Surprise! Poster child for sea level rise, Tuvalu, is actually growing!
From the “we told you so, again, and again” department. We’ve had several articles about the island of Tuvalu and the ridiculous claims of sea level rise causing it to disappear, while at the same time they are building new hotels and airports to attract tourists. Willis has also had several articles on how Pacific atolls grow, and float, rather than sink as sea level advances.
Now, a study confirms what we’ve already known – atolls, and in particular Tuvalu is growing, and increasing land area. So much for climate alarmism. From Nature communications:Patterns of island change and persistence offer alternate adaptation pathways for atoll nations . . .
Sea-level rise and climatic change threaten the existence of atoll nations. Inundation and erosion are expected to render islands uninhabitable over the next century, forcing human migration. Here we present analysis of shoreline change in all 101 islands in the Pacific atoll nation of Tuvalu. Using remotely sensed data, change is analysed over the past four decades, a period when local sea level has risen at twice the global average (~3.90 ± 0.4 mm.yr−1). Results highlight a net increase in land area in Tuvalu of 73.5 ha (2.9%), despite sea-level rise, and land area increase in eight of nine atolls.Island change has lacked uniformity with 74% increasing and 27% decreasing in size. Results challenge perceptions of island loss, showing islands are dynamic features that will persist as sites for habitation over the next century, presenting alternate opportunities for adaptation that embrace the heterogeneity of island types and their dynamics.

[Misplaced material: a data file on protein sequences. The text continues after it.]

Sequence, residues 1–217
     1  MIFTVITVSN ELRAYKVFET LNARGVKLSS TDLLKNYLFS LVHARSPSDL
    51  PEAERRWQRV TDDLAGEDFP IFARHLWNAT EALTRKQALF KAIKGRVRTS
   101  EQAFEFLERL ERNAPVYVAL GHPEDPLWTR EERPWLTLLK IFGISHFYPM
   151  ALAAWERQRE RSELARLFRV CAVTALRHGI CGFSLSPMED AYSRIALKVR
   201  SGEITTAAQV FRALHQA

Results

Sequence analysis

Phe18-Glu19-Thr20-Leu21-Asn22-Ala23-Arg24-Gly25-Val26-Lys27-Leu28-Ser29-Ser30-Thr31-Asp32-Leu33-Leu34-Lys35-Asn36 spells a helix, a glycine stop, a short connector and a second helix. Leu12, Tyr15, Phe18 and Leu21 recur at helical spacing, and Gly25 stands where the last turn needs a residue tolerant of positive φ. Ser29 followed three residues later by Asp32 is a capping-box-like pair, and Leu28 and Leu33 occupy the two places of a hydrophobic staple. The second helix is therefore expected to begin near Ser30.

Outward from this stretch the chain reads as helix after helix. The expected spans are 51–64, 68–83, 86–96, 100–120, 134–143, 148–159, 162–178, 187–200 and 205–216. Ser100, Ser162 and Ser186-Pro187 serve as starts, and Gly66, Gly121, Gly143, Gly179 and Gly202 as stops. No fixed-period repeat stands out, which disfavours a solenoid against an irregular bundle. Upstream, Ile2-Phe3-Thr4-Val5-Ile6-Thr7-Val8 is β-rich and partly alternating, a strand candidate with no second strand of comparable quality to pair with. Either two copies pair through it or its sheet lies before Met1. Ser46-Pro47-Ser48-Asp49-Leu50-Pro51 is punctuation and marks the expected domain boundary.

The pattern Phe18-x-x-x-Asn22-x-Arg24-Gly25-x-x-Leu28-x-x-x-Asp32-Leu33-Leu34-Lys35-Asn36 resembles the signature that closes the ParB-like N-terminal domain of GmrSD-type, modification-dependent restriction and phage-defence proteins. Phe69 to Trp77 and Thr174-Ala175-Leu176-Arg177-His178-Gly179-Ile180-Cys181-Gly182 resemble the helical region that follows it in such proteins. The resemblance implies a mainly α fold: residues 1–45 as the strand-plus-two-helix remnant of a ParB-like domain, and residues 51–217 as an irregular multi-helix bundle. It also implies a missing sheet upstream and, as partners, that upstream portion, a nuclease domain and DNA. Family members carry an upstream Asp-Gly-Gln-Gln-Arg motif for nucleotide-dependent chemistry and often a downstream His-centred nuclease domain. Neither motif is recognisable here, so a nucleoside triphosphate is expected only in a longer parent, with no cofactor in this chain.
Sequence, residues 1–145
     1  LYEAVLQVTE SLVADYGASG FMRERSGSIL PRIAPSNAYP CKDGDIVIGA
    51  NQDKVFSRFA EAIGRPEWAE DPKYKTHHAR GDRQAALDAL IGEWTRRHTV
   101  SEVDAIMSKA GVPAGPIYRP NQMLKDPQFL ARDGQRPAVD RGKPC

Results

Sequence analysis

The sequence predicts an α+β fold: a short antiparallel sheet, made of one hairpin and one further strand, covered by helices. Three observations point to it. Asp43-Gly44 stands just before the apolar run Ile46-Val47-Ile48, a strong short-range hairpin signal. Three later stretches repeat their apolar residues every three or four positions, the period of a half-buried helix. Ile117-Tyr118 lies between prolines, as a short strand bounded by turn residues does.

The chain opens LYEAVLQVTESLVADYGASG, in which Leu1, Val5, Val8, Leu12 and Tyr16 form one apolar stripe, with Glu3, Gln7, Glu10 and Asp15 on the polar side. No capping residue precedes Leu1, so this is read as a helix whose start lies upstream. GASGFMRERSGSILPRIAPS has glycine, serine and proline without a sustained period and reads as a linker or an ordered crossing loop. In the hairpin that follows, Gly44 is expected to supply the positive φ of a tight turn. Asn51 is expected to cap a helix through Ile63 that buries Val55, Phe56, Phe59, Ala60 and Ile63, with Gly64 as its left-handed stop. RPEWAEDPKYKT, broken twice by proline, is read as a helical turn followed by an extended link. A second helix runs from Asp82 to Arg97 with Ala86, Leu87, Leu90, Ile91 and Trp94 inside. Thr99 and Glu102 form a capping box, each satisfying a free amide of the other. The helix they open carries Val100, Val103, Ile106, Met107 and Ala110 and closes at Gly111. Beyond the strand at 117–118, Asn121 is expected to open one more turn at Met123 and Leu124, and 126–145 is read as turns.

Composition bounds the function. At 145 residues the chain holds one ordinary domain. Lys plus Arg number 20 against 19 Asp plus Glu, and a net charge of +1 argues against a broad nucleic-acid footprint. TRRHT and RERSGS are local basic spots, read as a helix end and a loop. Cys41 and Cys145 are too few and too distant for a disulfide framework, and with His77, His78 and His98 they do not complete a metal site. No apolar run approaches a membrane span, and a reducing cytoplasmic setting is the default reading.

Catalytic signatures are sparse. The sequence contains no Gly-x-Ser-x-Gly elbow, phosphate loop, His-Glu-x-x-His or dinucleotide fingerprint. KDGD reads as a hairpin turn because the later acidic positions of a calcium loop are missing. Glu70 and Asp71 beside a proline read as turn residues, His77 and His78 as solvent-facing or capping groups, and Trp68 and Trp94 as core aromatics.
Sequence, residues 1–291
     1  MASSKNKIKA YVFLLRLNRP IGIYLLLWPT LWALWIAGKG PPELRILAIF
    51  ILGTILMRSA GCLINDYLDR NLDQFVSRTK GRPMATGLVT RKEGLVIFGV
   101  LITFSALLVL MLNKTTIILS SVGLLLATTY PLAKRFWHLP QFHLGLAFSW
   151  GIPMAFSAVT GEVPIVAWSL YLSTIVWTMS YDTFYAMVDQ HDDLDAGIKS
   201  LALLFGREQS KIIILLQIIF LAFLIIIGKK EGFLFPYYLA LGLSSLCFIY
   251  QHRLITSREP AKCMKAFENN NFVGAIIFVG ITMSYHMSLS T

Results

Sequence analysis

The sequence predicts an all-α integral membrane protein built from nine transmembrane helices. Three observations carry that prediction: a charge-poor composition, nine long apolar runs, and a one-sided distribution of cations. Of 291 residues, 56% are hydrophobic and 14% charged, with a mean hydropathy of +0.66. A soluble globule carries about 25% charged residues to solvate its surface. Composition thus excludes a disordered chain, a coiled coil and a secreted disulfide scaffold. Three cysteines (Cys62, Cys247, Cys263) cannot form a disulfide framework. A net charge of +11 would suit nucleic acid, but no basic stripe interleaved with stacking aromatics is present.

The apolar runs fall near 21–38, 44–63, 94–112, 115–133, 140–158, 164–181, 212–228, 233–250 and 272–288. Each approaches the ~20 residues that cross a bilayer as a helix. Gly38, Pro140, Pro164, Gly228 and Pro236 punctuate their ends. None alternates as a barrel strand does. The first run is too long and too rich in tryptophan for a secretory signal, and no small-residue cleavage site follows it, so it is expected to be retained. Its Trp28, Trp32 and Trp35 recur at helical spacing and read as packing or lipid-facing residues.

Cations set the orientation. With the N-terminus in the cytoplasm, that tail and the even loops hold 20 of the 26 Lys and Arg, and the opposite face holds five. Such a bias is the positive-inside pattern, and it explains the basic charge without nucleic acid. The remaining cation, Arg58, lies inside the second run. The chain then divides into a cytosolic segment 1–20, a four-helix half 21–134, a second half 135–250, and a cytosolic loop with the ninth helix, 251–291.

|Kate Middleton dancing with women in Tuvalu|
From the discussion section:
Here we present the first comprehensive national-scale analysis of the transformation in physical land resources of the Pacific atoll nation Tuvalu, situated in the central western Pacific . Comprising 9 atolls and 101 individual reef islands, the nation is home to 10,600 people, 50% of whom are located on the urban island of Fogafale, in Funafuti atoll. We specifically examine spatial differences in island behaviour, of all 101 islands in Tuvalu, over the past four decades (1971–2014), a period in which local sea level has risen at twice the global average . . . Surprisingly, we show that all islands have changed and that the dominant mode of change has been island expansion, which has increased the land area of the nation.Results are used to project future landform availability and consider opportunities for a vastly more nuanced and creative set of adaptation pathways for atoll nations.
We generally agree that sea level is rising world wide at a pace of 1-3 mm a year, about the thickness of a nickel. How do low lying coral islands escape the fate of being drowned? Well, the "mountain" that formed the base of the atoll could be rising tectonically, but this is unlikely as most of them are dead or long dormant volcanoes. But the coral that surrounds them grows upwards toward the light at a rate that easily matches the rate of sea level rise. That doesn't do people a whole lot of good since they won't grow out of the water. However, the coral is chewed on by various animals for food (mostly parrot fish), creating sand, which can be washed up on the beach, which is then blown by wind up into sand dunes where vegetation can grown on it. On a coral atoll, that's about all the elevation you get. It was Charles Darwin who understood all this first, back in 1842.